Here is a quick review of key components of Geth 1.5 as described by Péter Szilágyi, core developer of Ethereum. Click here to view the full blog release with a more detailed account of Geth 1.5 updates.
The 1.5 release of
go-ethereumintroduces our first experimental attempt at providing true Android and iOS library reusability of our codebase.
We’re proud to finally include an alpha version of a light client inside Geth 1.5. It can sync in minutes (or less) and consume only megabytes of disk space, but nonetheless fully interacts with the Ethereum blockchain and is even usable through the Mist browser
With the arrival of 1.5, we’re very excited to include an initial proof-of-concept implementation of the Swarm protocol for developers to play with. It is included as a separate daemon process (and inherently executable binary), not embedded inside Geth. This allows users to run Swarm against any Ethereum client while also preventing any issues from interfering with the main node’s functionality.
The issue is that polling for changes is a bad idea since most of the time there’s no change, only the possibility of one. A better solution, instead of querying the node for changes every now and then, is to subscribe to certain events and let the node provide notification when there’s a change. Geth 1.5 enables this via a new RPC subscription mechanism. Any DApp (or external process) can subscribe to a variety of events and leave it to the node to notify when needed. Since this mechanism is not possible over plain HTTP (like it is over IPC), the 1.5 release also includes support for running the RPC API via WebSockets.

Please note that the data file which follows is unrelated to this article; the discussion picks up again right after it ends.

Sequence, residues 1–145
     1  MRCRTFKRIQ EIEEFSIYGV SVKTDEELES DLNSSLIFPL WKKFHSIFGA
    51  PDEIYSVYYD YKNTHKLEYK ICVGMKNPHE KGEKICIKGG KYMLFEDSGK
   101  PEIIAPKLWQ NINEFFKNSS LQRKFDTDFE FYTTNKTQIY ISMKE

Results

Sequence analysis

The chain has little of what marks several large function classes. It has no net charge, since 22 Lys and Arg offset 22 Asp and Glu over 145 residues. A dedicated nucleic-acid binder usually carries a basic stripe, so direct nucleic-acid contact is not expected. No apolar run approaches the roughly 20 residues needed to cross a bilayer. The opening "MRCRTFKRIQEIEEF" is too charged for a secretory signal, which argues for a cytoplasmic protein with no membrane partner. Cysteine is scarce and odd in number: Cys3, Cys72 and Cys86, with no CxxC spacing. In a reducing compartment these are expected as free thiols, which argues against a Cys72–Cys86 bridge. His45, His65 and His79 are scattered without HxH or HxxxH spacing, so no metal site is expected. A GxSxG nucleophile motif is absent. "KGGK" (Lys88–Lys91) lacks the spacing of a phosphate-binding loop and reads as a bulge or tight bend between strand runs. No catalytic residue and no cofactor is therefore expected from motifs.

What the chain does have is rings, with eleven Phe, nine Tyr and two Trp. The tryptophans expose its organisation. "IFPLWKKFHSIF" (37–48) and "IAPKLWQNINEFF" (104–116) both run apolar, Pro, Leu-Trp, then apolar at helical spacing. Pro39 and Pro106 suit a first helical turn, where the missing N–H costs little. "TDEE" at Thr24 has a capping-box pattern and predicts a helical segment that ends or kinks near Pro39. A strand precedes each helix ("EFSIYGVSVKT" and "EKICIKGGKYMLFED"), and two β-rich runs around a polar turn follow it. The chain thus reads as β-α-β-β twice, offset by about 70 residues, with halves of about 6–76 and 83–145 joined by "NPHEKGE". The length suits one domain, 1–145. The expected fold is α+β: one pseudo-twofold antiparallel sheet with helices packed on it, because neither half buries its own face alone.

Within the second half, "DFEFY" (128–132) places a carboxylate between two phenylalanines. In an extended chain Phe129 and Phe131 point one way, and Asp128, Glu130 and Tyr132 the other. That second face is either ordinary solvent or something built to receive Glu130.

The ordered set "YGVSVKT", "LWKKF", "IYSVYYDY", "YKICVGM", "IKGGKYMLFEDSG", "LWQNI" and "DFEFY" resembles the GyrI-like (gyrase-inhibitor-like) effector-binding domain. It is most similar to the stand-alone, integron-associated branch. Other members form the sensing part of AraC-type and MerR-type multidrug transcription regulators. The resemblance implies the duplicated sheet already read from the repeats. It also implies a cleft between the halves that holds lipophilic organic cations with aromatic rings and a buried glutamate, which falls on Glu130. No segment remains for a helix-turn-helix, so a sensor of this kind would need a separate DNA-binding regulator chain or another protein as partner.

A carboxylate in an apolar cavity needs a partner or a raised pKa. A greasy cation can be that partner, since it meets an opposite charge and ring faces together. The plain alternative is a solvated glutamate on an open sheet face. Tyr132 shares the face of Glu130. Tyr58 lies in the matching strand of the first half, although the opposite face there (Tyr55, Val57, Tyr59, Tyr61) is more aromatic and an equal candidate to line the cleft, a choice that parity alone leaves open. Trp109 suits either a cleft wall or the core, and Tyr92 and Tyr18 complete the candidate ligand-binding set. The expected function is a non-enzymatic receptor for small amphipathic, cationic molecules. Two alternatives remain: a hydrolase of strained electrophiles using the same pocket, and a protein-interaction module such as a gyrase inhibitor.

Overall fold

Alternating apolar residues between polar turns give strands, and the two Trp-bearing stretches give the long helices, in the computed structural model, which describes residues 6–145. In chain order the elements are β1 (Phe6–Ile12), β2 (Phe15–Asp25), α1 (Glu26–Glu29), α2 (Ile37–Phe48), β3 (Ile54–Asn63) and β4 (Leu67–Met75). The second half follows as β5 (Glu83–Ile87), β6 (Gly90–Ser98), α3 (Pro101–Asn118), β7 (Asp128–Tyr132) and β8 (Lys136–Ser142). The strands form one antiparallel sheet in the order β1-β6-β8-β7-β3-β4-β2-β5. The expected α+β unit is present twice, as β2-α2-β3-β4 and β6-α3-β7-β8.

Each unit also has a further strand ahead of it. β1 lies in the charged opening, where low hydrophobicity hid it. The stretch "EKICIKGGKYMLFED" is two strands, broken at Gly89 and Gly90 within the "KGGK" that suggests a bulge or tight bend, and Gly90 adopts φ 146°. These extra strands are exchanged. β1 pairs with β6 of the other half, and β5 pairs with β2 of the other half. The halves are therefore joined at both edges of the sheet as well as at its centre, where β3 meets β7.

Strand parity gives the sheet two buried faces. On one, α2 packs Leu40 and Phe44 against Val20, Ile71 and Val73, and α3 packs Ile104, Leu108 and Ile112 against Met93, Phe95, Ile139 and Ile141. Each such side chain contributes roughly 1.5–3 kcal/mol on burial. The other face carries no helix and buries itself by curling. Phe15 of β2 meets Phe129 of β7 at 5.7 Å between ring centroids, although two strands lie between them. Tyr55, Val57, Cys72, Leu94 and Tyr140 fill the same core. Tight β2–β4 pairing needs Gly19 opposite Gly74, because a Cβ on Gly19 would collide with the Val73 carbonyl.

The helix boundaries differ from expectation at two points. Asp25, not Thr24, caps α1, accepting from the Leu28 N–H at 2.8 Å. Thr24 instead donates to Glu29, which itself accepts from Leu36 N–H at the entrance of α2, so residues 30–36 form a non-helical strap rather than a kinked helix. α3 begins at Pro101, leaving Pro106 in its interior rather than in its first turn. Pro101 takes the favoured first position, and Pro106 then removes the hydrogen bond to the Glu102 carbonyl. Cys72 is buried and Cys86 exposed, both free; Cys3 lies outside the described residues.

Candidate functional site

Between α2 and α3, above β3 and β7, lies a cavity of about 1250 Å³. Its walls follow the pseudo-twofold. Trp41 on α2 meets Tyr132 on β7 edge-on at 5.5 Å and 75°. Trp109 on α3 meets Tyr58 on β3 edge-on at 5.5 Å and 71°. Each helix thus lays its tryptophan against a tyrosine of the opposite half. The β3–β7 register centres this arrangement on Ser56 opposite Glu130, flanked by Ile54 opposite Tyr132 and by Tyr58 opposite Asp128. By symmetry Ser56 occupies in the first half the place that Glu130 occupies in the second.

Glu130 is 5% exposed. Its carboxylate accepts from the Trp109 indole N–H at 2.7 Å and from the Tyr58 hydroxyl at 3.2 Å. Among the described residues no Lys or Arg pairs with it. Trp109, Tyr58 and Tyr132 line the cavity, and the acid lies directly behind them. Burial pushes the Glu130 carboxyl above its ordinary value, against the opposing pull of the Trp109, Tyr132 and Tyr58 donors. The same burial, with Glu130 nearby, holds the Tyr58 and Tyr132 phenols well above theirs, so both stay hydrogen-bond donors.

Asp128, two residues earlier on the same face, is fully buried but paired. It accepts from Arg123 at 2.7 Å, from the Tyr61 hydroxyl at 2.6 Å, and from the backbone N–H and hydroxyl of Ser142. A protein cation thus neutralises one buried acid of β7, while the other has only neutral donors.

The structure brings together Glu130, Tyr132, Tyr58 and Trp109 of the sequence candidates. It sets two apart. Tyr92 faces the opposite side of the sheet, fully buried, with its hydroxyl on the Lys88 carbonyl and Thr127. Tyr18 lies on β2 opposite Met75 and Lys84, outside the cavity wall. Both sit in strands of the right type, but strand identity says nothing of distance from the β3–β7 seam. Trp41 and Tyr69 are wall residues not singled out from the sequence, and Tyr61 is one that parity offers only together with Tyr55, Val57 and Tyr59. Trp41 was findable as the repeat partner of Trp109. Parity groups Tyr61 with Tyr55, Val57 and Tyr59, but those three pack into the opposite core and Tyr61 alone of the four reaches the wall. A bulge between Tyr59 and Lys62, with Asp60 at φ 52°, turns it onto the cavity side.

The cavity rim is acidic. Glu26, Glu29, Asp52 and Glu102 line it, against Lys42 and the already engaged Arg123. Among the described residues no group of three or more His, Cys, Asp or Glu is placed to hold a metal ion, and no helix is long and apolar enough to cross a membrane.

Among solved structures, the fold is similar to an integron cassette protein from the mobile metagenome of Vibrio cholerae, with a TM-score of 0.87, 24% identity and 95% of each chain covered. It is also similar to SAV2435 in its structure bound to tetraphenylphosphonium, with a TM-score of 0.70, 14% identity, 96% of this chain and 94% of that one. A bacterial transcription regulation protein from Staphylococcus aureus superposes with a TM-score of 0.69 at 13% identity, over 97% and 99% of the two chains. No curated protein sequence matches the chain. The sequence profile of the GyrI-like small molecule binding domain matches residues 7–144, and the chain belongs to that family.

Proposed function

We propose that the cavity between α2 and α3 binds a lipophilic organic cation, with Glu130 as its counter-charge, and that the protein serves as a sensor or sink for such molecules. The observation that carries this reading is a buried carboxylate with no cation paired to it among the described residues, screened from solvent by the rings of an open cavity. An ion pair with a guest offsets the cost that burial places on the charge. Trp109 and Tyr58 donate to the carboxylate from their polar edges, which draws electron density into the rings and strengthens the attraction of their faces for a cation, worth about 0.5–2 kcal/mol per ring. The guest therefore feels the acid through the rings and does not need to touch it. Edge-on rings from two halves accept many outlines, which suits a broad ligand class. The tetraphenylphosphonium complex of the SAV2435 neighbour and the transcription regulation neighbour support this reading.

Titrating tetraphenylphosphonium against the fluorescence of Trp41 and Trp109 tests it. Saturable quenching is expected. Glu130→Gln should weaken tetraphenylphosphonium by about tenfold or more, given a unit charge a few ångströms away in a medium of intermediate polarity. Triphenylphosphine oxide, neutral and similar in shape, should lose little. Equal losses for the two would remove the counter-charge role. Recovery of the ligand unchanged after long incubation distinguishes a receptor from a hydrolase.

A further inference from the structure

With the Geth 1.5 release, we’ve switched over to the officially recommended way of vendoring dependencies (fully supported starting with Go 1.6), namely by placing all external dependencies into locations native to the Go compiler and toolchain (
vendor), and switching to a different dependency management tool to more cleanly handle our requirements (called
Geth 1.5 release encompasses the complete transition from the old build infrastructure to one that is fully self-contained within our repositories. We moved all builds on top of the various continuous integration services we rely on (Travis, AppVeyor, CircleCI), and implemented all the build code ourselves as an organic part of the go-ethereum sources.